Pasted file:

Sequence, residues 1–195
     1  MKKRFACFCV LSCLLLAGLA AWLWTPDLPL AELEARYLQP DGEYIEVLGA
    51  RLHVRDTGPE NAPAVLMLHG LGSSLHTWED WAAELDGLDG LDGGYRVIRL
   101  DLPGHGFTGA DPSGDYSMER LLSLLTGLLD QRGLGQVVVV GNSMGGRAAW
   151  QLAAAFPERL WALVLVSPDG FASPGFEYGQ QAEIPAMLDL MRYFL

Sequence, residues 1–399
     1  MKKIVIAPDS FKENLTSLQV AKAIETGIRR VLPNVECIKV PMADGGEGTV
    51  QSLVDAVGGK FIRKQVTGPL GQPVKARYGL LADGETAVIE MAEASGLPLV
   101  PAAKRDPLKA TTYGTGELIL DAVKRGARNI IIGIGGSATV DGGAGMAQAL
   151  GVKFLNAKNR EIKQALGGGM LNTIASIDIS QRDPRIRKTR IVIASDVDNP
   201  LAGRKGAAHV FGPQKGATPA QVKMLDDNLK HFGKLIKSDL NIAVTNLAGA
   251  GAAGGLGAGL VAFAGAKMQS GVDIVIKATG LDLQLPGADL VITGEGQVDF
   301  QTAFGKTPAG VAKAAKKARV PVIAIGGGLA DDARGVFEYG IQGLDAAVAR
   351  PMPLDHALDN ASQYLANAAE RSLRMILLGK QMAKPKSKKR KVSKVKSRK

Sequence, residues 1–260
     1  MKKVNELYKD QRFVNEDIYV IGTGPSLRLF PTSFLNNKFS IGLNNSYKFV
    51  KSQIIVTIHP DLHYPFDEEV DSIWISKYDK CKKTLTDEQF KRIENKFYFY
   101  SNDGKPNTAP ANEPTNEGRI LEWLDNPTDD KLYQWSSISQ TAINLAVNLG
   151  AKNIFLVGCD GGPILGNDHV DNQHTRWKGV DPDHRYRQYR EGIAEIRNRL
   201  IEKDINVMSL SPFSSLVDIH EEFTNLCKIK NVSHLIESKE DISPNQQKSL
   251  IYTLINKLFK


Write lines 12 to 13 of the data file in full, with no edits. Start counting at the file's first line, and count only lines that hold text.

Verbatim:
   251  GAAGGLGAGL VAFAGAKMQS GVDIVIKATG LDLQLPGADL VITGEGQVDF
   301  QTAFGKTPAG VAKAAKKARV PVIAIGGGLA DDARGVFEYG IQGLDAAVAR